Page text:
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Re: [Lambengolmor] "before" and "after"

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  • David Kiltz
    On Samstag, September 7, 2002, at 03:17 Uhr, Boris Shapiro [227] wrote: ... ... As Carl already mentioned, _apa_ in _apacenye_ is hardly
    Message 1 of 5 , Sep 10, 2002
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      On Samstag, September 7, 2002, at 03:17 Uhr, Boris Shapiro [227] wrote:
      A few remarks:

      > Aiya!
      >
      > So it seems that we have three prepositions of similar meaning.
      >
      > _epe_
      > 1) "before" (*_A naa calima epe B_ - VT42:32, VT44:38)
      > 2) "after" (_epesse_ - XII:339)
      >
      > _apa_
      > 1) "fore-" (_apacenye_ - X:216)
      > 2) "after" (_Apanoonar_ - XI:387)
      > "behind" (_ap-pata_ - XI:387)
      >
      > _noo_
      > 1) "before" (_merin sa haryalye alasse noo vanyalye Ambarello_
      > - MS),
      > "ahead, in front" (PE12:66)
      > 2) "*next" (_Nootuile_ - XII:135),
      > "after (of time)" (PE12:66)

      <snip>

      > _apa_ "fore-" is spatial (to see what lies before one), _apa_
      > "after" (after-born) is temporal.

      <snip>

      As Carl already mentioned, _apa_ in _apacenye_ is hardly spatial. It
      does not mean "what I see [spatially] in front of me" but what I see in
      times ahead. I think there is no doubt it is temporal. So the use in
      Quenya is actually straight forward. _apa_ refers to events that take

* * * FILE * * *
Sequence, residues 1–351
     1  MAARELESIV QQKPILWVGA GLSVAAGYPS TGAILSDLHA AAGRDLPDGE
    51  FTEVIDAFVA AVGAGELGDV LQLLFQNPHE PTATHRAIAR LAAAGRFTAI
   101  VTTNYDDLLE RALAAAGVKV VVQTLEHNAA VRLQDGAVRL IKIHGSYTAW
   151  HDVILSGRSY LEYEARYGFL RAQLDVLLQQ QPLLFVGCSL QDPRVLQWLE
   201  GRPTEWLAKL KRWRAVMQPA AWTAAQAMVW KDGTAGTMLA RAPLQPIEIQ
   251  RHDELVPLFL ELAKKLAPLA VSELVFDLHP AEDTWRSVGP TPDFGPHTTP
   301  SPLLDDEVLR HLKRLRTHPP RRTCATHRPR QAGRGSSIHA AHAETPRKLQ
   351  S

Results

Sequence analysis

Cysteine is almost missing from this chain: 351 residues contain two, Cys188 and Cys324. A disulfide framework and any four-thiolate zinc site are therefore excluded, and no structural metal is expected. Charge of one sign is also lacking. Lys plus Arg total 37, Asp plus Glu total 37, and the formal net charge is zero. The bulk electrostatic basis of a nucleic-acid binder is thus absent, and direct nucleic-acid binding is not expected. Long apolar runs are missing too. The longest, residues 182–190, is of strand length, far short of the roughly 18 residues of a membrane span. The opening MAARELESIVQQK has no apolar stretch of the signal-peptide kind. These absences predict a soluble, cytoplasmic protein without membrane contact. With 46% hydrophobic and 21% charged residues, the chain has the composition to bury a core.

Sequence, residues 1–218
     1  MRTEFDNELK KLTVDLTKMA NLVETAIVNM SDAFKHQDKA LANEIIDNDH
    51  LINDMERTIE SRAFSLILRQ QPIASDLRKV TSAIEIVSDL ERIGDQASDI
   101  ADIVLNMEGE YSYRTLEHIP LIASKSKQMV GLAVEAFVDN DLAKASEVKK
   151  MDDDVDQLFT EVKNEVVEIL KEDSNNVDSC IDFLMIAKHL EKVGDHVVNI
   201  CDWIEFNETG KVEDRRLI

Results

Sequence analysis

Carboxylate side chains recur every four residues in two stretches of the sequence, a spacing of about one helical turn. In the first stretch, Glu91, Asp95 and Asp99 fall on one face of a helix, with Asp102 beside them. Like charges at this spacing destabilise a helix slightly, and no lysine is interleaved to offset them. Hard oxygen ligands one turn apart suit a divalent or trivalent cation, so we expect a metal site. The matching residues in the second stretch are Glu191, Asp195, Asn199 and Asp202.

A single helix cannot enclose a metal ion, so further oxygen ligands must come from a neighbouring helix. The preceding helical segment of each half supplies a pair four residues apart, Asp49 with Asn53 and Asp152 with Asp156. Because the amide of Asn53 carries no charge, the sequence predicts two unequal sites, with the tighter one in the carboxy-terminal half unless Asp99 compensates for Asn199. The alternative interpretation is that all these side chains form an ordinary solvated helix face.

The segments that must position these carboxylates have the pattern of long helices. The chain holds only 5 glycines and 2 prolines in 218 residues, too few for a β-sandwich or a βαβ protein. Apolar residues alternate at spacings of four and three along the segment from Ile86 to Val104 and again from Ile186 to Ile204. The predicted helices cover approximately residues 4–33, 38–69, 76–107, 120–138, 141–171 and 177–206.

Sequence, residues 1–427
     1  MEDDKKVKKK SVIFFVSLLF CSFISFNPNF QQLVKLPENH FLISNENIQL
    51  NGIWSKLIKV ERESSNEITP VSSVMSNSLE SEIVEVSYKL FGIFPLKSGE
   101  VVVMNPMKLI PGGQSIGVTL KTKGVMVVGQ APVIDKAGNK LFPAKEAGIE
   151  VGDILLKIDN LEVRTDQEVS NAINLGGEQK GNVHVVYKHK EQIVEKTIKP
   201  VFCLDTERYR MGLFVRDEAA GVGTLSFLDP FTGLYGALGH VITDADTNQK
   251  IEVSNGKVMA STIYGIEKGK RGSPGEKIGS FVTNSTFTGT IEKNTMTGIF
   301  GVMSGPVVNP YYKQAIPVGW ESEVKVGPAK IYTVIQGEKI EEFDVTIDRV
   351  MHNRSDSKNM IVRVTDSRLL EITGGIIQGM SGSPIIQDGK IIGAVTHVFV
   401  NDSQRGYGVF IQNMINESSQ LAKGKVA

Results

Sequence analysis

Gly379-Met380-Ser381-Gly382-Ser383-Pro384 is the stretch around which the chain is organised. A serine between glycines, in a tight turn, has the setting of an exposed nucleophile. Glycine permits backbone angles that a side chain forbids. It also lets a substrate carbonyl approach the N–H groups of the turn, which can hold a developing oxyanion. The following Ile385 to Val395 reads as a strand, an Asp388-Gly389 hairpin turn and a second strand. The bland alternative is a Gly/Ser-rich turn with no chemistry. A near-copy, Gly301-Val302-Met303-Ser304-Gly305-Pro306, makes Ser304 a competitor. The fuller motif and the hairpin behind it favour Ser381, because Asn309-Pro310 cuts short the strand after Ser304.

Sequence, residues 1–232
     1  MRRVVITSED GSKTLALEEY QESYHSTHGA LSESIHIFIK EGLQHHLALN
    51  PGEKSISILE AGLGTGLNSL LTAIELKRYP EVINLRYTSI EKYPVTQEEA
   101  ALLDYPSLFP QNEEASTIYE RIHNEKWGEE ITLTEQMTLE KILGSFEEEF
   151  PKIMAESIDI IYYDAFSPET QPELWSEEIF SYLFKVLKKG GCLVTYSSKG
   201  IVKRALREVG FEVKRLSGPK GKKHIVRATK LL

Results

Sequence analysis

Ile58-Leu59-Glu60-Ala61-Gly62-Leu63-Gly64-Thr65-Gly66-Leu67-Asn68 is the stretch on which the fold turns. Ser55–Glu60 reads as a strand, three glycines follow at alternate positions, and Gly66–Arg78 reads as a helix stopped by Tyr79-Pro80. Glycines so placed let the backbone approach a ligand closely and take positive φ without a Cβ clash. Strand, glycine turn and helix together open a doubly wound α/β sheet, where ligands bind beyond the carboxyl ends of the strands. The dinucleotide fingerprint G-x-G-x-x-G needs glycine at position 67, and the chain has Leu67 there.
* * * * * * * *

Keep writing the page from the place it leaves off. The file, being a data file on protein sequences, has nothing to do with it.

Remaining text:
place in the future as related to the point of reference. The events
      that will lead to the justification of the name of "foresight" lie in
      the future at the time the name is given. Also, the birth of Men lies
      in the future at the moment of reference, (scil. the birth of the
      Elves).

      P.S. It might be interesting to note that Adunaic possesses
      prepositions that somewhat recall the Elvish ones phonetically. Cf.
      _ob-roth_ "fore-cutting" and _nad-roth_ "hind-track" [XII:376].

      David Kiltz
    • Carl F. Hostetter
      I had forgotten that an interesting text by Tolkien discussing just this problem has been published, in Verlyn Flieger s fascinating book, _A Question of Time:
      Message 2 of 5 , Sep 15, 2002
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        I had forgotten that an interesting text by Tolkien discussing just
        this problem has been published, in Verlyn Flieger's fascinating book,
        _A Question of Time: J.R.R. Tolkien's Road to _Faƫrie_ (Kent State,
        1997; and recently available in trade paperback, see Amazon.com). The
        text is given on pp. 69-70. Some excerpts:

        "Our language is confused using _after_ and _before_ both (in certain
        circumstances) of the _future_. We sometimes think and speak of the
        future as what lies before us, we look ahead, are provident,
        forward-looking, yet are ancestors preceded us and are our
        fore-fathers; and any event in time is _before_ one that is later. We
        speak as if events and a succession of human lives were an endless
        column moving forward into the unknown.... As far as a single
        experiencing mind goes, it seems a most natural transference of spatial
        to linear language to say that the past is _behind_ it and that it
        _advances_ forwards into the future, that later events are _before_ or
        in _front_ of earlier ones.

        "In Elvish sentiment the _future_ was not one of hope or desire, but a
        decay and retrogression from former bliss and power.... Their
        position, as of latter day sentiment, was one of exiles driven forward
        (against their will) who were in mind or actual posture ever looking
        backward.

        "But in _actual language_ time and place had distinct expressions."

        And there Tolkien's text breaks off.

        Carl
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